Hi, I’m a newbie. I don’t work in graphic design, but for quite some time now, I had been looking for some tool to easily create 2D cartoon-like animations.
Synfg is almost exactly what I was looking for. I’m quite impressed by the possibilities of this tool. I also like the “blender for 2D” idea. I think the quality of the resulting animation is also very good.
So far, I’ve been using Synfig to create very simple animations to illustrate the wikipedia page about “time travel” (see en.wikipedia.org/wiki/Time_Trave … om_fiction). Please feel free to improve those images if you’re interested.
I have other ideas of educational videos I would like to create, and thanks to this tool, I might be able to do it in a next future.
I regret however that this project is not part of other projects such as Inkscape or Gimp. To me, the particular aspects of synfig should be merged in one of these tools. Moreover, I think the interface should be more blender-like, since blender is just so great to use for animation (about IPO manipulation, for instance).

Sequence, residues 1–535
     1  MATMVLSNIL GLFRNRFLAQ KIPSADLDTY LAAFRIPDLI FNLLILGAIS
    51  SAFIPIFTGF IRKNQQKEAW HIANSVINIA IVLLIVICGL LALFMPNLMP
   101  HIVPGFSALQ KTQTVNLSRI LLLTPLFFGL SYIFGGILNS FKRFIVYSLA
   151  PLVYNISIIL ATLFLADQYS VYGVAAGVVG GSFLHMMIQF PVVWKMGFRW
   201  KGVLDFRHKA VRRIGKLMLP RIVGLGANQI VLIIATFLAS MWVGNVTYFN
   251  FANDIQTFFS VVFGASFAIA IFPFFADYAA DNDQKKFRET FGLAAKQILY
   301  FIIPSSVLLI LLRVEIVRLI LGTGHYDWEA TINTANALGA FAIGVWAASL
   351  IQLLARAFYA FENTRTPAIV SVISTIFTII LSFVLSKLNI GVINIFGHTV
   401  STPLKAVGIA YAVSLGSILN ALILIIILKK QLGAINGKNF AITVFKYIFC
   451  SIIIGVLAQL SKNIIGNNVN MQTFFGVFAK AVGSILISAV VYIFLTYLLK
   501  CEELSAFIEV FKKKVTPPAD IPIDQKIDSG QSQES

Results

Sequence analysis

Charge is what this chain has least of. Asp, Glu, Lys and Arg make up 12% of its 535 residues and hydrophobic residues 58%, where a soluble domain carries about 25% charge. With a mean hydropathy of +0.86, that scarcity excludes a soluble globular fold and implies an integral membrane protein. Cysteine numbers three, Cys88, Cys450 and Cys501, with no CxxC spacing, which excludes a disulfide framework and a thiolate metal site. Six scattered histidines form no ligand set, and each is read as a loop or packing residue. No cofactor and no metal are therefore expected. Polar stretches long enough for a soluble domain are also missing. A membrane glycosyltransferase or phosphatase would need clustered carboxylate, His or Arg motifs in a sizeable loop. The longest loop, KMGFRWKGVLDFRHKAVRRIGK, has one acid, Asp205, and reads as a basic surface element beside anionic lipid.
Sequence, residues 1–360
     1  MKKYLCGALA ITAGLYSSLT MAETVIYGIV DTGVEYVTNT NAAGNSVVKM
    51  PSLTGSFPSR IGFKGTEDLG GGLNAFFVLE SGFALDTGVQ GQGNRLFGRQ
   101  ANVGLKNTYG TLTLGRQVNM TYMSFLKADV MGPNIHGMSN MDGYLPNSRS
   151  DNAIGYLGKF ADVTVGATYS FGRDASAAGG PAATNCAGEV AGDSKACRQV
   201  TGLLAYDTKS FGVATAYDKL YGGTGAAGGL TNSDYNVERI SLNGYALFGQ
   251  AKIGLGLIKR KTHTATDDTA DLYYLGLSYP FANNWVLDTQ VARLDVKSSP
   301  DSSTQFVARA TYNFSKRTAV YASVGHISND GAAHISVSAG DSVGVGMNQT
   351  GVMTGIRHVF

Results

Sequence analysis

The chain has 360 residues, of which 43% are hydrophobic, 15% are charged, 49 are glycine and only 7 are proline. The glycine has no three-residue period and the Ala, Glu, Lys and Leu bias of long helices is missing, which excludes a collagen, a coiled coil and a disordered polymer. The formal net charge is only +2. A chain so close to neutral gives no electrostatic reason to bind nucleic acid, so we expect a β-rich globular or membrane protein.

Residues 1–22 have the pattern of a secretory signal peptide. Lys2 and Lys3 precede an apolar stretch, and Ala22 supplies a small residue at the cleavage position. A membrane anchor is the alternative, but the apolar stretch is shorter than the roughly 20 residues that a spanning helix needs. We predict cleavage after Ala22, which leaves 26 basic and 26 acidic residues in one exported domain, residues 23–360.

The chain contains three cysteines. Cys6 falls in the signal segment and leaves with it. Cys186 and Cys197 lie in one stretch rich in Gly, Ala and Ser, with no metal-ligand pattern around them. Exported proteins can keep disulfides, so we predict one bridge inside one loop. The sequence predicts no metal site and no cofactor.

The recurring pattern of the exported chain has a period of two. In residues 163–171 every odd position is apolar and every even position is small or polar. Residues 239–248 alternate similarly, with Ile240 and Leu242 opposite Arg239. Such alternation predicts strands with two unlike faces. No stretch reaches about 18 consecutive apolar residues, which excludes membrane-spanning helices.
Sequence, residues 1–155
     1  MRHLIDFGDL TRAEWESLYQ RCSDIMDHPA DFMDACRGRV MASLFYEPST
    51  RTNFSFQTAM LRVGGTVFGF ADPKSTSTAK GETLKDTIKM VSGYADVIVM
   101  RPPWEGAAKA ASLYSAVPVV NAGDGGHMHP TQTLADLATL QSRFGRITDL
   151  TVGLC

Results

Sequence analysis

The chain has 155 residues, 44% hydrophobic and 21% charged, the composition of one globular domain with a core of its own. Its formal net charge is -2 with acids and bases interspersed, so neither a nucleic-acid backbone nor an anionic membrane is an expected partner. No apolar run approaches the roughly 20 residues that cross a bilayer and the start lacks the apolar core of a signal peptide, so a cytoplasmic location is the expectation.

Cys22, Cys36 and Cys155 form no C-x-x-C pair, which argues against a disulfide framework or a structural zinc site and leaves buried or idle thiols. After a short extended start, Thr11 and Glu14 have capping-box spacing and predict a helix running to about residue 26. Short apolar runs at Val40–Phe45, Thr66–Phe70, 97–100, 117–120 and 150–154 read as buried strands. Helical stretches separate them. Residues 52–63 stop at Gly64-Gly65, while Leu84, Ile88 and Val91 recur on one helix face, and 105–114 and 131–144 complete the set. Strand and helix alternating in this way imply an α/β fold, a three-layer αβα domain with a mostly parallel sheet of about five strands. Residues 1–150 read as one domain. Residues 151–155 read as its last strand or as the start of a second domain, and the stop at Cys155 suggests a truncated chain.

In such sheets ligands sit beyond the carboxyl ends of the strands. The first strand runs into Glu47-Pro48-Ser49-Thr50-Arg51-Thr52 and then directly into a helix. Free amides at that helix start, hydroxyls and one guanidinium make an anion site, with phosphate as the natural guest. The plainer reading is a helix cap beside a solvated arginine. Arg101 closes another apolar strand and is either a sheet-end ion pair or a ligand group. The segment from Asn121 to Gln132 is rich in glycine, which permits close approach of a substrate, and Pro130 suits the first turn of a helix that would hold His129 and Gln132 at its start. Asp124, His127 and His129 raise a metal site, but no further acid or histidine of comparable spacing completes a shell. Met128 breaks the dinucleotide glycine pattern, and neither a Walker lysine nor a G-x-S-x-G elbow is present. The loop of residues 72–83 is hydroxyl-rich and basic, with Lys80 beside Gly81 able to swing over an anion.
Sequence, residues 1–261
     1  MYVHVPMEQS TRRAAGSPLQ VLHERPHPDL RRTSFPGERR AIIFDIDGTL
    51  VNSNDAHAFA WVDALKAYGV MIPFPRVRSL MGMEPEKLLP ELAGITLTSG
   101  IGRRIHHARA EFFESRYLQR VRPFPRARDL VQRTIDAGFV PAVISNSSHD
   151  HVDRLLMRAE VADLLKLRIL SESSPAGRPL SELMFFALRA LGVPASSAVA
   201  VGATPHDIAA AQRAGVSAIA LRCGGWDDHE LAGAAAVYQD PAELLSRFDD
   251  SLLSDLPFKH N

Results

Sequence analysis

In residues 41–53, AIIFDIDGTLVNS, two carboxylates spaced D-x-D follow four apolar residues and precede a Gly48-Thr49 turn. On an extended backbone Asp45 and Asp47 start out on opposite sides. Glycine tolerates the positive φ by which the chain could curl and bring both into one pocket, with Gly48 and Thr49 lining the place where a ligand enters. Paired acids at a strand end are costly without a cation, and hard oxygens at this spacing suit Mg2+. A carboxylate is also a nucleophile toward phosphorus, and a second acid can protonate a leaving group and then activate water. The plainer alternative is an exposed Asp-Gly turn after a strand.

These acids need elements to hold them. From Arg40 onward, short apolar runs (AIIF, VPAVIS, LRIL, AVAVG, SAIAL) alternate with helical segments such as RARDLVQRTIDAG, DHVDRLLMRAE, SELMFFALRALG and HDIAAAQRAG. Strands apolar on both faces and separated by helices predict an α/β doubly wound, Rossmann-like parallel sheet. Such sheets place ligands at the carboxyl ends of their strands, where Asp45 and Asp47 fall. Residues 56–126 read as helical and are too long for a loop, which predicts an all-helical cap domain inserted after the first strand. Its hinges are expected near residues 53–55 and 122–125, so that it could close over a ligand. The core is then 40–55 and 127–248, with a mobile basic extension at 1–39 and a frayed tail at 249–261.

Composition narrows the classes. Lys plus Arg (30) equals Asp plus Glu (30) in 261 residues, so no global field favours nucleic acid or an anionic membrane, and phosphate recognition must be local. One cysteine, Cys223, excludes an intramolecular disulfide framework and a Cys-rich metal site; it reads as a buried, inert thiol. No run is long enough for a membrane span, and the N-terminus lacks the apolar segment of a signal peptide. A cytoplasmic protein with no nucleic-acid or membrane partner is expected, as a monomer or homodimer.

it is very pleasent listen your words and know about other uses of Synfig rather than a cartoon movie.
All the animations are good enough for the propose.
Thanks for the encouragement. I hope that soon we can talk about revolutionary Synfig’s UI but at the moment we need to work in small steps as the coder core team still very small.
Please ask here any question or doubt you have. We’ll try to help you as far as we know.
Well, I can’t speak for Ghosthand, but I’m pretty sure he was paying you a compliment. And I agree with him - using Synfig for animations on Wikipedia is a brilliant way to make Wikipedia better and advertise Synfig at the same time.
Yes, I was paying you a compliment. You did a good job.
We don’t need to be Pixar or Dreamworks to create effective animation with Synfig. We all have dreams of creating full length animations with dozens of special effects. But most times it is the simple things that do a better job.
I think your characters are perfect because it allows the viewer to concentrate on what you’re trying to say, not how pretty everything looks.